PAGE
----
inconsistent news from southeast asia

Travel time: September 2005 - March 2006  |  by Matthew Audley

Cao Dai Temple and Cu Chi Tunnels

Dec. 1st (Day 79), we booked a tour to go see the Cao Dai Temple and the Cu Chi tunnels, both outside of Saigon, closer to the Cambodian border. It was a good day.

Our tour guide for this was quite a character. Hard to describe. He was a 60 year-old veteran of the Vietnam War, having fought for the South with the American Navy and he certainly approached his material with passion. Okay, he was a little bit scary at first, always suddenly asking questions like "You clear right now?" in an aggresive tone - maybe it's what happens what you're an officer in any military group for too long. Once you got used to the delivery, he was a great source of information and his English was much better than he seemed to think it was. Good showmanship, too.

the man in action.

the man in action.

The Cao Dai religion is the third largest in Vietnam, though I believe that means about 5% of the population subcribe to it. It claims to unify all major religions: Hinduism, Judaism, Zoroasterianism, Buddhism, Taoism, Confucianism, Christianity, Islam in the name of halting religious wars (of which Vietnam has had it's share.) Check out if you want to hear what they have to say.

The Holy See.

The Holy See.

The Great Temple or Holy See we went to.. umm.. see, was constructed starting in 1933 and it is very colourful. We arrived in time for the noon service, where there was lots of music and lots of people kneeling on the hard stone floor and bowing periodically. The music was interesting, though. I wish we'd had more than half an hour to see the service and look around the grounds, but we didn't get to see much (or take too many pictures) before we were whisked off on our way to the Cu Chi Tunnels.

Inside the temple.

On the bus ride between the two sites, our guide told us about the history of the tunnels, focusing mostly on the ingenuity displayed by the Viet Cong guerillas in thwarting many varieties of U.S. attack on the tunnels. Again, he was very passionate (scary) about the subject, having been posted in the area, though fighting for the losing (American-backed) side.

The information presented at the tunnels themselves was less inspiring. The film they showed us was an old Communist propoganda film, interesting in it's own way, but not exactly educational. There was then a pleasant walk through the jungle to see a few things:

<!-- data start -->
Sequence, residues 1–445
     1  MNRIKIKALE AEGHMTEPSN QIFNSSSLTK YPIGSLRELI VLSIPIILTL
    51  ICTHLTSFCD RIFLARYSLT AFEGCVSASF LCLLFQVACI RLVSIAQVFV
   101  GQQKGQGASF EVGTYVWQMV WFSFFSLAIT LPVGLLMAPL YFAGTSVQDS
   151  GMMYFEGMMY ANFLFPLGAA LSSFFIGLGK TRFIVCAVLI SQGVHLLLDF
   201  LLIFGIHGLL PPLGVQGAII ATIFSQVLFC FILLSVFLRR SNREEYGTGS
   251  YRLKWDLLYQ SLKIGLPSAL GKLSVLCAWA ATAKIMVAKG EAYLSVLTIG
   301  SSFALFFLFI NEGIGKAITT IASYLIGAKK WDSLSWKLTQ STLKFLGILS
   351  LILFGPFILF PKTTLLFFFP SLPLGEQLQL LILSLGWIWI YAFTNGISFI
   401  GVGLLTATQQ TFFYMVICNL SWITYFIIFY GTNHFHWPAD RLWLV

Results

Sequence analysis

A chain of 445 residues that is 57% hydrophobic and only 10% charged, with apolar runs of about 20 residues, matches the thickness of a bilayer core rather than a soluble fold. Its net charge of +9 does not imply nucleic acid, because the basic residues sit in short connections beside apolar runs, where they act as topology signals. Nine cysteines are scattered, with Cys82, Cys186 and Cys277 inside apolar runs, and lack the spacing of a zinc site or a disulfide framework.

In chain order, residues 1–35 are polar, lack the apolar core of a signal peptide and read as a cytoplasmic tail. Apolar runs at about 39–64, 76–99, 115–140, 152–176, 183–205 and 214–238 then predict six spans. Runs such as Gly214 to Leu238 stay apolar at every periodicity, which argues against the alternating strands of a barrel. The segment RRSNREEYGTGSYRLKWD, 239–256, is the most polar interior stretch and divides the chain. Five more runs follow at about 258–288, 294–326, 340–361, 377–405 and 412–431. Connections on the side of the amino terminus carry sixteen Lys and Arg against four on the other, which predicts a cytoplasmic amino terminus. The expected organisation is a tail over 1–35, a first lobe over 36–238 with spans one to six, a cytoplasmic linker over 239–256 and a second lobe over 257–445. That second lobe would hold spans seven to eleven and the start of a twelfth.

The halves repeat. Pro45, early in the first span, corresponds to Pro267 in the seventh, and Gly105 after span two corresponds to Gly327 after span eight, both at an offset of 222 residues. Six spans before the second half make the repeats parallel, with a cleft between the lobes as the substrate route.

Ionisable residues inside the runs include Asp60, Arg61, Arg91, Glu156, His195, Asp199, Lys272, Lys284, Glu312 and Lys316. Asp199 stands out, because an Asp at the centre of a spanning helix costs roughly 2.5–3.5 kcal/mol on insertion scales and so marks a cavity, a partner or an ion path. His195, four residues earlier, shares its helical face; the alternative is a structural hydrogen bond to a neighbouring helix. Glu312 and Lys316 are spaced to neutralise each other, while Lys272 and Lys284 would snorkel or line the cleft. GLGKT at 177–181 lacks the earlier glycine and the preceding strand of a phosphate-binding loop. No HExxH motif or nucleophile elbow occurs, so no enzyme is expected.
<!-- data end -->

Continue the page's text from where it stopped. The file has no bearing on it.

• a U.S. tank destroyed by a mine, left exactly in the spot it was destroyed.

  • a sniper hole that both Catherine and I had to try out, despite the fact that our guide kept referring to the fact that North Americans have "big asses". That's why the "tunnel rats" the Americans sent in to Cu Chi were Mexicans, you see. Their asses are much smaller.

sniper mat.  very dangerous.

sniper mat. very dangerous.

  • a tiger trap, which our guide informed us we were also welcome to try out. No one did, however.

  • some recreations of guerilla life, featuring mannequins. Some of them were even automated, sawing bombs in half and sharpening bamboo.

The tunnels themselves were the highlight of the day, if you can say that about the experience. As far as I knew beforehand, the tunnels at Cu Chi are a 100m length of recreated tunnel. I think the demensions claimed to something like 1m high by 0.8m wide. However, those tunnels were too busy and our guide claimed he could take us to a "real" tunnel. I never read anywhere that there were real tunnels still available, so it was probably part of the showmanship.

Nonetheless, the tunnels were quite an experience. Not high enough to stand up in no matter how far you bent over, and with very little elbow room, one has to do a sort of duck waddle down the pitch black tunnels, aiming for the next little orange light that tells you which direction to go without casting any light. It's crushingly hot and humid. Really, the only way to survive is to NOT comtemplate the fact that you're 4 or 5 metres underground and descending. I still managed to grab a couple pictures.

In the tunnels.

In the tunnels.

Beer and excellent pizza followed and it was a most righteous day.

© Matthew Audley, 2005
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The trip
Leaving for bangkok on Sept. 12. Where we go from there is anyone's guess. Hoping to see Thailand, Vietnam, Cambodia, Laos. Be back in six months or so if everything goes well. There really isn't much of a route planned - we'll see what happens.
Start of journey: Sep 12, 2005
Duration: 6 months
End of journey: Mar 19, 2006
Travelled countries: Thailand
Southeastern Asia
The Author
Matthew Audley is an active author on break-fresh-ground. since 19 years.
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